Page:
New Phytol. 236 (5) 1976-1987 [2022-12-00; online 2022-09-30]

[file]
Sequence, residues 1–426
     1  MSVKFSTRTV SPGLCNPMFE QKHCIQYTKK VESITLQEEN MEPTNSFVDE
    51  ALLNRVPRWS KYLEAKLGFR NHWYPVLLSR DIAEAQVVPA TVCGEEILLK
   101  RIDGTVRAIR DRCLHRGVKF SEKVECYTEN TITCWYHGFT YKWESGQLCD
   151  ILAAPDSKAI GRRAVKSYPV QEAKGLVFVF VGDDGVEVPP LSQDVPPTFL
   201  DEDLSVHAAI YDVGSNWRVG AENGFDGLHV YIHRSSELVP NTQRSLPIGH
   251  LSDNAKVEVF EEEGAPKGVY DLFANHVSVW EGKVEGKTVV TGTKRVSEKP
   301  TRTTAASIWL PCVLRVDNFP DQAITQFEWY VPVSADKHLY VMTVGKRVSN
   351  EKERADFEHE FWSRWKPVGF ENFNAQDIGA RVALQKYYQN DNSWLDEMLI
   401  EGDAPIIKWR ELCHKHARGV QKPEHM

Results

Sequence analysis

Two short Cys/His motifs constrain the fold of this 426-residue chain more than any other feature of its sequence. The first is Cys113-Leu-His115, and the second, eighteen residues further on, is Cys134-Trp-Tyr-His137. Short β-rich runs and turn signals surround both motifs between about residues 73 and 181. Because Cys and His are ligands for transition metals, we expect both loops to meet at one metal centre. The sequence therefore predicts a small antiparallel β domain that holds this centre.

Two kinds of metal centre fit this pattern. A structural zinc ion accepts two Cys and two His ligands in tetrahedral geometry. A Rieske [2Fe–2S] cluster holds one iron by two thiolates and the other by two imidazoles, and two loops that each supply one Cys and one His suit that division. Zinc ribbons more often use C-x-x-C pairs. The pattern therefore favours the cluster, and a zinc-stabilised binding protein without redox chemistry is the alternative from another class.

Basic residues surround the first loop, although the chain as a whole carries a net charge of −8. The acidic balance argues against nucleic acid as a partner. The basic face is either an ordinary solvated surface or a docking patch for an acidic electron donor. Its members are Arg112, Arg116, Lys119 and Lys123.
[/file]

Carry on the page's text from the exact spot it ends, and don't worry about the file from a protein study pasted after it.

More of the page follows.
Vast population movements induced by recurrent climatic cycles have shaped the genetic structure of plant species. During glacial periods species were confined to low-latitude refugia from which they recolonized higher latitudes as the climate improved. This multipronged recolonization led to many lineages that later met and formed large contact zones. We utilize genomic data from 5000 Picea abies trees to test for the presence of natural selection during recolonization and establishment of a contact zone in Scandinavia. Scandinavian P. abies is today made up of a southern genetic cluster originating from the Baltics, and a northern one originating from Northern Russia. The contact zone delineating them closely matches the limit between two major climatic regions. We show that natural selection contributed to its establishment and maintenance. First, an isolation-with-migration model with genome-wide linked selection fits the data better than a purely neutral one. Second, many loci show signatures of selection or are associated with environmental variables. These loci, regrouped in clusters on chromosomes, are often related to phenology. Altogether, our results illustrate how climatic cycles, recolonization and selection can establish strong local adaptation along contact zones and affect the genetic architecture of adaptive traits.